A gap in the clouds – what does the future hold?

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I had the pleasure of attending the TECH.unplugged event in London this week, hosted by Enrico Signoretti. This was an independent event with a number of technology analysts from around the world providing many interesting opinions on a wide variety of subjects.

One session in particular which fired up my thinking about the future of the tech industry was from Stephen Foskett. For those who don’t know, Stephen organises and hosts the Tech Field Day events in the US (techfieldday.com). As an aside, these events are worth keeping an eye out for to see deep dive discussions with vendors over their latest technological offerings. This talk at TECH.unplugged was one which really twigged with me, and over the last few days I have mustered the thoughts below together.

Stephen’s talk was around the idea that Cloud Computing, everyone’s favourite buzzword, will become just a part of computing. This was illustrated by numerous points in the development of computing through the ages, which never went away, despite them falling out of favour and becoming unsexy in the tech world. These include:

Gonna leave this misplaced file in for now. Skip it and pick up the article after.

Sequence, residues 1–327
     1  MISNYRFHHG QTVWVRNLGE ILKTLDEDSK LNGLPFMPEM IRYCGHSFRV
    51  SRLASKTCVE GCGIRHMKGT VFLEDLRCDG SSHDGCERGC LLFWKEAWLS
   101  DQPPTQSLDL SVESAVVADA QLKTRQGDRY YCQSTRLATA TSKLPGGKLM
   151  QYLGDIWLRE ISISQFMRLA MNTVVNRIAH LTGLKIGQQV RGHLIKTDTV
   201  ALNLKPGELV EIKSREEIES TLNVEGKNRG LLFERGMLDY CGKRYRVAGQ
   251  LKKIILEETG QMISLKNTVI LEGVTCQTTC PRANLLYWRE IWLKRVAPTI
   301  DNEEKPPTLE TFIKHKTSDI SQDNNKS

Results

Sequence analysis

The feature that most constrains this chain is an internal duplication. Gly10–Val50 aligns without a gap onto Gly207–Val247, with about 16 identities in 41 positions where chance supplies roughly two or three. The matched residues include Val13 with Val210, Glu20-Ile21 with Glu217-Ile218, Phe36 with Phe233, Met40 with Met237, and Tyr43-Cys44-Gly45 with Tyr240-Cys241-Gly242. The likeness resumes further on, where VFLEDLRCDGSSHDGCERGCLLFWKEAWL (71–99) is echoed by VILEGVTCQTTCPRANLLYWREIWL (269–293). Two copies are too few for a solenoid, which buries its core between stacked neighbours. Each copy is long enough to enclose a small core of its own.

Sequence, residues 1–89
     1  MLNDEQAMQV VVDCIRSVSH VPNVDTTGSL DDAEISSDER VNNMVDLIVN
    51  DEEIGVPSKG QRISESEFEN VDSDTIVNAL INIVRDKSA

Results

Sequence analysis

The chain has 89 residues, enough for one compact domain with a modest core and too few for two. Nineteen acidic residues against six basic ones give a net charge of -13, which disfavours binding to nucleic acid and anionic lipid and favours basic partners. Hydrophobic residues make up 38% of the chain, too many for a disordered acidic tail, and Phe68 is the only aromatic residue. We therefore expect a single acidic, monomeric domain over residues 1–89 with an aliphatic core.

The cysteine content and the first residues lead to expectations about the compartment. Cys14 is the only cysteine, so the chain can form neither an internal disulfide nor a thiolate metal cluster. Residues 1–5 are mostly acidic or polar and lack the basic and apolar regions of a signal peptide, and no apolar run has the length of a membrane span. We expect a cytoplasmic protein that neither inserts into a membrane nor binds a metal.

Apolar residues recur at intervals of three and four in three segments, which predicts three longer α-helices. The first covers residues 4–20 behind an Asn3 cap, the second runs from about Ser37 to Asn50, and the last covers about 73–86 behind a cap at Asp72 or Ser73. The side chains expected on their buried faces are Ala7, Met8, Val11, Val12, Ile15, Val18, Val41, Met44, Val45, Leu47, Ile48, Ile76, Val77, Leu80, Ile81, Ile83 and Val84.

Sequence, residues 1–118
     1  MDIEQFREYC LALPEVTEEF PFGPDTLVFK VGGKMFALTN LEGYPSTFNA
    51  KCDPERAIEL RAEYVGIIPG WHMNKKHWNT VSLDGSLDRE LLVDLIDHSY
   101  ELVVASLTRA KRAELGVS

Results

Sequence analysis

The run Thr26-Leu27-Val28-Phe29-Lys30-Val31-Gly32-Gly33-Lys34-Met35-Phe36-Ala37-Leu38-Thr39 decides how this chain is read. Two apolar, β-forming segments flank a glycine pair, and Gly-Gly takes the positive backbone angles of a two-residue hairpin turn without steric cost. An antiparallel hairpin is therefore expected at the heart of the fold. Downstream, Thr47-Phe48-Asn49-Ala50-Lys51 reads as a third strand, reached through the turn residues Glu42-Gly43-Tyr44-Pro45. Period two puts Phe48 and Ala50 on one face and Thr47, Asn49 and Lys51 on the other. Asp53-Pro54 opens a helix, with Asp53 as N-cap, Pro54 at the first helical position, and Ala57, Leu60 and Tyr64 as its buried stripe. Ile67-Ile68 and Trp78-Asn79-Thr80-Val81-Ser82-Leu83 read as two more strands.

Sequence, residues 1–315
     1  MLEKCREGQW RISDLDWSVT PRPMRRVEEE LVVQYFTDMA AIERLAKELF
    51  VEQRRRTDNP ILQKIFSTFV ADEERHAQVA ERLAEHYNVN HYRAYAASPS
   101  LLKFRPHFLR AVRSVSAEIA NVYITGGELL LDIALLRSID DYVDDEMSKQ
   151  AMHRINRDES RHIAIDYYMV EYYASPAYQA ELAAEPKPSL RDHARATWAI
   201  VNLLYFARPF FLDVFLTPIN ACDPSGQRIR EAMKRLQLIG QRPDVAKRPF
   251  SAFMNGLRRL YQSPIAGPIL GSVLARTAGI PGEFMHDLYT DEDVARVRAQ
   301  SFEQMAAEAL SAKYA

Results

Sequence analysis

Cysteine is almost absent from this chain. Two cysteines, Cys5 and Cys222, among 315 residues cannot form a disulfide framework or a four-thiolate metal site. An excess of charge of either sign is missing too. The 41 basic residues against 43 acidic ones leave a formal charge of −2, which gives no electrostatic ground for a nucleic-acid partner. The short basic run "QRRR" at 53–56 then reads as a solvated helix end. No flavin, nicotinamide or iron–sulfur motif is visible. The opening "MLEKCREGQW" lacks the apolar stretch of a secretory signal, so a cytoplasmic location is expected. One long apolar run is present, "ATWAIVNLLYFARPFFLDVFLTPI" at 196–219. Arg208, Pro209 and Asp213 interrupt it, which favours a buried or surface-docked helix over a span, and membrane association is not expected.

The mainframe – still in use today, and still very much alive. See the new IBM z13 mainframe, this was only released in Jan 2015, but shows that there is still development, and iteration in mainframe products today. These are still used across many industries, and although the IT industry is not focussed on these, they are still a crucial component of what we deliver

Tape backup – people would love this to go away I am sure, tape has been around for decades, and presents a cornerstone in backup and data retention strategies, from small to large organisations. In a time where we can fit many terabytes of information on a chip the size of a fingernail, why are we still using tape? The answer is that tape continues to present the two same advantages it always has: it is cheap, and it is reliable. As much as we see $/GB prices fall and fall with magnetic disk, and now with SSD, tape still kills it in price

Physical servers – sure, virtualisation is king in the data centre today, and for the last 5-10 years, that stuff left running on bare metal tin, without a hypervisor, better have a good reason for that or it is going to get P2Vd at some point.

So how does Cloud fit in here? The industry heralds crow their message over and over again: “The data centre is dead, long live the Cloud”, and those of us still supporting physical tin are hoping and praying that the prophecy does not come true. We hear tales of the developers rallying under the DevOps banner, with Docker, Vagrant and Puppet as their drawn weapons, ready to rise up against the slow traditional infrastructure and move our business’ most critical workloads to AWS to allow them the freedom of rapid, agile development they need.